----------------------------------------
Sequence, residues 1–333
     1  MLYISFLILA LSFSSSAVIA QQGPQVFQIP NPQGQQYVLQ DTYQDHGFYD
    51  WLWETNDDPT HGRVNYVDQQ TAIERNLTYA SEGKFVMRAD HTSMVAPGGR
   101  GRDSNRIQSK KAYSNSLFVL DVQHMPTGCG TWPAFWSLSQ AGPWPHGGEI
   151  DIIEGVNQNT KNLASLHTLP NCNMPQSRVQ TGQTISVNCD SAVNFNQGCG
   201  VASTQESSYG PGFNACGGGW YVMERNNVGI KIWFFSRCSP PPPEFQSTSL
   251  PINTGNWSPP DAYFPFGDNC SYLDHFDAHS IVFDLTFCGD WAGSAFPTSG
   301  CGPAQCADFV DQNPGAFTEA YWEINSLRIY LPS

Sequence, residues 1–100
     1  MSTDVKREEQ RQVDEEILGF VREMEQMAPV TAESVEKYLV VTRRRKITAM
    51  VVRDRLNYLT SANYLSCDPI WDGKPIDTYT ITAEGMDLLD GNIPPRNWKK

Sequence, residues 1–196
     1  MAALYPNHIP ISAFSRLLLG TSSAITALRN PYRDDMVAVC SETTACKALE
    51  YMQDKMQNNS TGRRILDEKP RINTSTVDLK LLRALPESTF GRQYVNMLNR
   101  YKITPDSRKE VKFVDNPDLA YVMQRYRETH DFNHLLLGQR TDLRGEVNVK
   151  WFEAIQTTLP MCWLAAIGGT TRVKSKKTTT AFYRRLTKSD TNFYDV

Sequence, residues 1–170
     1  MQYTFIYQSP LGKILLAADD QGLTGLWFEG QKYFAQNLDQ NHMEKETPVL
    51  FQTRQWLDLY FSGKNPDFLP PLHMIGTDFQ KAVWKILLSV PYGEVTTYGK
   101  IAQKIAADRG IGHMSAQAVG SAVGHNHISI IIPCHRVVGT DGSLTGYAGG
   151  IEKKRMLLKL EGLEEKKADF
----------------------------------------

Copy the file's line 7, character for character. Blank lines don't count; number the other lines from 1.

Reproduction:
   251  PINTGNWSPP DAYFPFGDNC SYLDHFDAHS IVFDLTFCGD WAGSAFPTSG